And to those Americans whose support I have yet to earn, I may not have won your vote, but I hear your voices, I need your help and I will be your president too.”
So said President-elect Barack Obama, in one of the most revealing sentences in his victory speech Tuesday. In his rejection of standard political divisions, his emphasis on “e pluribus unum,” and his gracious inclusion of those whose support he has “yet to earn,” we can find a clue to what makes our new president-elect so remarkable — perhaps even unique in the nation’s long history.
Some public officials are minimalists. They do not like to reject the fundamental commitments of their fellow citizens. On environmental questions, sex equality, national security and economic policy, they try to bracket our deepest disagreements. They seek to obtain a consensus on what to do — not on why to do it.
Minimalists favor their approach because they think, as a pragmatic matter, it is most likely to work. They also insist that their approach, putting fundamental differences to one side, shows respect to their fellow citizens.
Political minimalism has a distinguished tradition in U.S. politics. In recent history, President George H.W. Bush stands as the leading minimalist. To the extent that Bush succeeded, especially in foreign affairs, it was because he enlisted diverse people, and diverse views, on behalf of the policies he chose.
Other public officials are visionaries. They have a large-scale vision about the direction in which the nation should go. They believe in big steps, not small ones.
Above all, these visionaries seek to alter the nation’s self-conception. In changing policy on the economy, or on national defense, they are entirely comfortable with asserting that their vision is the superior one and that alternative visions should be rejected. When they succeed, they transform how the nation understands itself.
Our greatest presidents — including Washington, Lincoln, and Franklin Delano Roosevelt — have been visionaries. In recent American history, President Ronald Reagan stands as the leading visionary.
Obama is something new in American politics — and not just for the obvious reasons. He is a visionary minimalist. This is a key both to his extraordinary campaign and to his unique promise. It even helps explain his conception of public service.
Obama’s minimalism lies in his consistent rejection of the standard social divisions — between red states and blue states, liberal and conservatives, Democrats and Republicans. As he said in his 2004 Democratic Convention speech, “We worship an awesome God in the blue states, and we don’t like federal agents poking around our libraries in the red states.”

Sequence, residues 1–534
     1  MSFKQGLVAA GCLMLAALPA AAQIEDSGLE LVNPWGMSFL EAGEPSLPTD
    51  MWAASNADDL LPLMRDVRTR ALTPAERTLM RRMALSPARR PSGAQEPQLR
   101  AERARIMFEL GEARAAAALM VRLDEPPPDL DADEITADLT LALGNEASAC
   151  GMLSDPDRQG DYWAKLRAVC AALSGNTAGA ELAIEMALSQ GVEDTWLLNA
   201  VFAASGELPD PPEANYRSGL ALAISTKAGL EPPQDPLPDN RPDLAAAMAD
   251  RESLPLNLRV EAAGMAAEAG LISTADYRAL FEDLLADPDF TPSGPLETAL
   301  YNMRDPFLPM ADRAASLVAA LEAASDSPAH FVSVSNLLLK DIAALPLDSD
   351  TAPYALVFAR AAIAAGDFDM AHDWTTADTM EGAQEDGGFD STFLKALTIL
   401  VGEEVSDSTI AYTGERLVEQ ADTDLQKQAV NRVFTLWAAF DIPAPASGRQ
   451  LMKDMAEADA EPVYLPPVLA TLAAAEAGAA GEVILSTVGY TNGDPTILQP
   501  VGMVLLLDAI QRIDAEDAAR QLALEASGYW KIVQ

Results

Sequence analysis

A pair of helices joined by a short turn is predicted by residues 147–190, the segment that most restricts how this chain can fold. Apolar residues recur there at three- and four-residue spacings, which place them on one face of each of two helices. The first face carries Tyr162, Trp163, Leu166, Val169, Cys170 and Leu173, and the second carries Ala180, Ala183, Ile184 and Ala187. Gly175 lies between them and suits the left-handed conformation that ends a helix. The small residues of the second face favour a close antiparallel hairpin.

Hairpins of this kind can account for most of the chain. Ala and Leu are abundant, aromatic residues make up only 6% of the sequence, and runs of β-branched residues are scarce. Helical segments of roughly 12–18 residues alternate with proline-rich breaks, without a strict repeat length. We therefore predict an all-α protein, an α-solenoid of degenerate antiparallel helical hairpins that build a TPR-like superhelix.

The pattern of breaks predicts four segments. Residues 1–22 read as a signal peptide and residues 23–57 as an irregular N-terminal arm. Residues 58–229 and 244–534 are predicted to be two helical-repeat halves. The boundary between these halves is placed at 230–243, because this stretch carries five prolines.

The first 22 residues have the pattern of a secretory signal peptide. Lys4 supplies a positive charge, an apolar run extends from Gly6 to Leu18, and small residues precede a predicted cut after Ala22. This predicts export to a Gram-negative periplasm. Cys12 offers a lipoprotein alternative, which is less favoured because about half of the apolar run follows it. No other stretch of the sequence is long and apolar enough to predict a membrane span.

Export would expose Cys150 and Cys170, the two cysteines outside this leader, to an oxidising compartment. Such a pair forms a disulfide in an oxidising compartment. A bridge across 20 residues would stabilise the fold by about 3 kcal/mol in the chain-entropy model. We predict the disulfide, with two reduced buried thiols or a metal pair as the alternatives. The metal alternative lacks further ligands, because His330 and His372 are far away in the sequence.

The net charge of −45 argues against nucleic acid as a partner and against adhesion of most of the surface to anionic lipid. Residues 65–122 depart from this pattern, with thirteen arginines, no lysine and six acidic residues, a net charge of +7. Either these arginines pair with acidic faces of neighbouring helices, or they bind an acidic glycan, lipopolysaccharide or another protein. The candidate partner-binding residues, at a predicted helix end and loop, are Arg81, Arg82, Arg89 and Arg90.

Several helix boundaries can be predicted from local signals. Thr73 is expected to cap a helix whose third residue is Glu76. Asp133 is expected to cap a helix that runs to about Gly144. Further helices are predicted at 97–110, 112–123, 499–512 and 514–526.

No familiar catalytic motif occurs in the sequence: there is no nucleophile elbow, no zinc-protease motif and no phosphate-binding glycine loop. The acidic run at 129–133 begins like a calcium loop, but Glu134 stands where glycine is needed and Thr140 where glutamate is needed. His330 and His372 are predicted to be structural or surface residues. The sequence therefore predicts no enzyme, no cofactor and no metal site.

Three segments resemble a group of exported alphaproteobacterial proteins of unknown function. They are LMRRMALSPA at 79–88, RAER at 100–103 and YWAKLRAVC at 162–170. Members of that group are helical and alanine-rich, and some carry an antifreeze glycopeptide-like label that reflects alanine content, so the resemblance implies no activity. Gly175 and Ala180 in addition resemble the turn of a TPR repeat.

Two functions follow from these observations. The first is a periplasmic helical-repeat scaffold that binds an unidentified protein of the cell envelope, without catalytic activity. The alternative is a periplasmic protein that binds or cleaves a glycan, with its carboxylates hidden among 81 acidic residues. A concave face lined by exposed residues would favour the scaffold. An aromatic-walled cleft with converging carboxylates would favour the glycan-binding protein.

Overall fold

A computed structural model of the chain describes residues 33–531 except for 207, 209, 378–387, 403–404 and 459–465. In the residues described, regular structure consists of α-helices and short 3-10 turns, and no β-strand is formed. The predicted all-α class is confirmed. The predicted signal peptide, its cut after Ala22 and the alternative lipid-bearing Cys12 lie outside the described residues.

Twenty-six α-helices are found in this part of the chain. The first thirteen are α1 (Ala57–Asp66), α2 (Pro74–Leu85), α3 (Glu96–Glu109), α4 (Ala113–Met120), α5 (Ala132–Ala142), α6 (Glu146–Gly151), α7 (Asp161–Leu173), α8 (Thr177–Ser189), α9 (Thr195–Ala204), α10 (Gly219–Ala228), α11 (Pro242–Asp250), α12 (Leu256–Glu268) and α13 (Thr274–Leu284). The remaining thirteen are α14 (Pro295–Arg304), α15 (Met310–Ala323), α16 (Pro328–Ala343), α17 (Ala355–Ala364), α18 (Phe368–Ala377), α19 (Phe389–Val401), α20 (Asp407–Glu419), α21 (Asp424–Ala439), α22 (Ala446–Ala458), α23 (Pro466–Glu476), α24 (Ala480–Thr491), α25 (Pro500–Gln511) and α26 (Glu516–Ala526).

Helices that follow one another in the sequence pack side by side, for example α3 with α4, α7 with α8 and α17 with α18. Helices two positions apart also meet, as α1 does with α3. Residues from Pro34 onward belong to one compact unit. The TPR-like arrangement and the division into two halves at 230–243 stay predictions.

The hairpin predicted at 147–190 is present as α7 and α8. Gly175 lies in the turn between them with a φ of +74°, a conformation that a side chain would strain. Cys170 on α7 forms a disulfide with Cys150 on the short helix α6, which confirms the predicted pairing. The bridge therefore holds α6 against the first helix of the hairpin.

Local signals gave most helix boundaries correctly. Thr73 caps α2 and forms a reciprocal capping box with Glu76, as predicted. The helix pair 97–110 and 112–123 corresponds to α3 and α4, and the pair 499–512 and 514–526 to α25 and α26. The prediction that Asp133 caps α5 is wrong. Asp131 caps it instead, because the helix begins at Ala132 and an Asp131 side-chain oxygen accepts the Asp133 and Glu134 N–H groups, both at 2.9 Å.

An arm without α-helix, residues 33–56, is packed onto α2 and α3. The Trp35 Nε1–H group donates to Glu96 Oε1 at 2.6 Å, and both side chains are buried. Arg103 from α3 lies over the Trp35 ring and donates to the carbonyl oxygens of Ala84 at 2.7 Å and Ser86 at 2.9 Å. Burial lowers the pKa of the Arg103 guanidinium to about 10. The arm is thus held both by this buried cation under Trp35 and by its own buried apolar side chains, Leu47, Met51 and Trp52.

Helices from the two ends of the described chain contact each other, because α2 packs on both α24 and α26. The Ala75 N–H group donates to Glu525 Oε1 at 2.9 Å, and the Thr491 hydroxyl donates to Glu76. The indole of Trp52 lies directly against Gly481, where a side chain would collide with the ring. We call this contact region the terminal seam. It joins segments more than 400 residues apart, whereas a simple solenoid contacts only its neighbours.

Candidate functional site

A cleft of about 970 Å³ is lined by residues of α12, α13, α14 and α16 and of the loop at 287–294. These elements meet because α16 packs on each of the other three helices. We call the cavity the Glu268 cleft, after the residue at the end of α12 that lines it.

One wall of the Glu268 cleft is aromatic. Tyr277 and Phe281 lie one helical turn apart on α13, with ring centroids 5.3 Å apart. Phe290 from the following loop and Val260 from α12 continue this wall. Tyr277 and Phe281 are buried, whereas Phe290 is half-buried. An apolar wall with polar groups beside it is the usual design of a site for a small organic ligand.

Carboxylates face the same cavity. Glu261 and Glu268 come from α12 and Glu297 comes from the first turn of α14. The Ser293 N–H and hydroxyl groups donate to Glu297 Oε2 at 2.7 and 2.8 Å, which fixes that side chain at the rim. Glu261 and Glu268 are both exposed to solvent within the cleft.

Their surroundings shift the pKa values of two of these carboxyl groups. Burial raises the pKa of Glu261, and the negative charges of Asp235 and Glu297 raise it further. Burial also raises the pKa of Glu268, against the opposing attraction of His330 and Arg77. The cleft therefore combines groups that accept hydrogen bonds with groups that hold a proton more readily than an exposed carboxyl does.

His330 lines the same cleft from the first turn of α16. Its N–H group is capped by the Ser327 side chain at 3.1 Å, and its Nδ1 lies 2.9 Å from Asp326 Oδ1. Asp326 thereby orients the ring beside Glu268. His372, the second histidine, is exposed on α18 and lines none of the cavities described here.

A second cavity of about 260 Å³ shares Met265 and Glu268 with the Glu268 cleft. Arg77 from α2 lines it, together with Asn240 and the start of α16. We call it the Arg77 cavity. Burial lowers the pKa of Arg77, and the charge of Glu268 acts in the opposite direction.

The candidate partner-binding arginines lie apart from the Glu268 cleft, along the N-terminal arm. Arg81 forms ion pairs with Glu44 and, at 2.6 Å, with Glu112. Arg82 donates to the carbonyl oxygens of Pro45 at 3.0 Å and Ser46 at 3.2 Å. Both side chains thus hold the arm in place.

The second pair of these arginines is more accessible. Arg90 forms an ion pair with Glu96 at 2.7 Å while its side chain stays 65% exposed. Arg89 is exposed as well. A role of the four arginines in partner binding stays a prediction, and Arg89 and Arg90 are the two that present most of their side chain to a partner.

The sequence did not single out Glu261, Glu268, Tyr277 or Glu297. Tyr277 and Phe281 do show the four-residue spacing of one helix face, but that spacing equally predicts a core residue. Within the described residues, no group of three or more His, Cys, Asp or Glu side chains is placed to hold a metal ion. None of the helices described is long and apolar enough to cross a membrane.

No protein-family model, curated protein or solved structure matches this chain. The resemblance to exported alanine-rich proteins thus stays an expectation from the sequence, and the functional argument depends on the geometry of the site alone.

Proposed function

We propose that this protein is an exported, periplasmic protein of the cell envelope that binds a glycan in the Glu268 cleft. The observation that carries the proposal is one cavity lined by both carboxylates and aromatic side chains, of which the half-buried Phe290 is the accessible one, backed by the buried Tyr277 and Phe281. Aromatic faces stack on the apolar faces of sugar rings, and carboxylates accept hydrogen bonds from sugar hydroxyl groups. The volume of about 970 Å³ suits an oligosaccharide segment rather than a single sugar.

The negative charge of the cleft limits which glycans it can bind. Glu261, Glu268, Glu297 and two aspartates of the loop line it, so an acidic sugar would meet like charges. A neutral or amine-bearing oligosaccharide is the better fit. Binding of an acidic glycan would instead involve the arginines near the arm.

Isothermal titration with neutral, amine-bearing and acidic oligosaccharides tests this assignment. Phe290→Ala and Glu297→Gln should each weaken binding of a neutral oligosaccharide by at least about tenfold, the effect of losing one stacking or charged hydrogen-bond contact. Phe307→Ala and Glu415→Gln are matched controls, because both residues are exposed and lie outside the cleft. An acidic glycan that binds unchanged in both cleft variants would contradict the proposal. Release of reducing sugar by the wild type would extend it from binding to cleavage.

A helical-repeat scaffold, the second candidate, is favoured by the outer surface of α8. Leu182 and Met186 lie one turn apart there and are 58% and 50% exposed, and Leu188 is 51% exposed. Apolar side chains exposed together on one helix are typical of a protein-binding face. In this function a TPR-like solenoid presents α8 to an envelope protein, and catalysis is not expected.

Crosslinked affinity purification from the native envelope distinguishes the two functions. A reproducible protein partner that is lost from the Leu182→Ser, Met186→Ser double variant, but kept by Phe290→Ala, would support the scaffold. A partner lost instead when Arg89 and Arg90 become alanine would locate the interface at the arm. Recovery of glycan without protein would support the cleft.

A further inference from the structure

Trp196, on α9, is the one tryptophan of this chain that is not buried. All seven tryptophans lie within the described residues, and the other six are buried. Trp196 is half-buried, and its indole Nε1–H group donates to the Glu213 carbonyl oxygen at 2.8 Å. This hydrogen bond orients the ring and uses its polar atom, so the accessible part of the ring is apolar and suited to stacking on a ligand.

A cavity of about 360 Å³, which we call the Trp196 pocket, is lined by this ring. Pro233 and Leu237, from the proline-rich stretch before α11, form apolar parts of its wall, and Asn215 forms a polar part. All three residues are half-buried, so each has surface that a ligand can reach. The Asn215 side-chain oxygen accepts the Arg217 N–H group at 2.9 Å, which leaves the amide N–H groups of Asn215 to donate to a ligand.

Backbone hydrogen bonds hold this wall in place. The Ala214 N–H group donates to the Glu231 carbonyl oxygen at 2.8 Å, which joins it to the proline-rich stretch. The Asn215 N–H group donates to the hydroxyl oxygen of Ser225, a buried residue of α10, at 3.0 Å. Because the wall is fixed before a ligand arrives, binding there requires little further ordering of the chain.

Obama shows unfailing respect for those with competing views. In designing policies — on climate change, tax reform, energy conservation, foreign policy — he attempts to produce solutions that will accommodate, rather than repudiate, the defining commitments of his fellow citizens. Even on the most divisive issues of separation of church and state, Obama favors approaches that will attract support from all sides.
But Obama is a visionary too. Unlike most minimalists, he is willing to think big.
When he speaks of change, he means to include ambitious plans for energy independence, universal health care and educational reform. No less than Reagan, he wants to transform the nation’s self-understanding. He seeks not only to go beyond the divisions of the 1960s, but also to synthesize deeper strands in our history.
Thus Obama recognizes and celebrates the individualist strain in American culture. But he draws attention to a counterpoint — one that emphasizes mutual obligations.
As he said in 2004 and has often repeated since, “If there’s a senior citizen somewhere who can’t pay for her prescription and has to choose between medicine and the rent, that makes my life poorer, even if it’s not my grandmother. . . . It’s that fundamental belief — I am my brother’s keeper, I am my sister’s keeper — that makes this country work.”
With the election of a new president, I expect that we will soon enter a novel period of American life, in which a commitment to public service, sacrifice and a sense of mutual obligations will play a far larger role. That commitment will be anything but partisan. It will be felt in red states and blue states alike.
And it will be made possible, and fueled, by the visionary minimalism of America’s president-elect.
Cass R. Sunstein is Felix Frankfurter professor of law at Harvard Law School. He will be the Harry Kalven Visiting Professor at University of Chicago Law School in January 2009. His most recent book, which he co-wrote with Richard Thaler, is “Nudge: Improving Decisions about Health, Wealth, and Happiness.” His books include “Are Judges Political? An Empirical Analysis of the Federal Judiciary” and “The Second Bill of Rights: FDR’s Unfinished Revolution and Why We Need It More Than Ever.”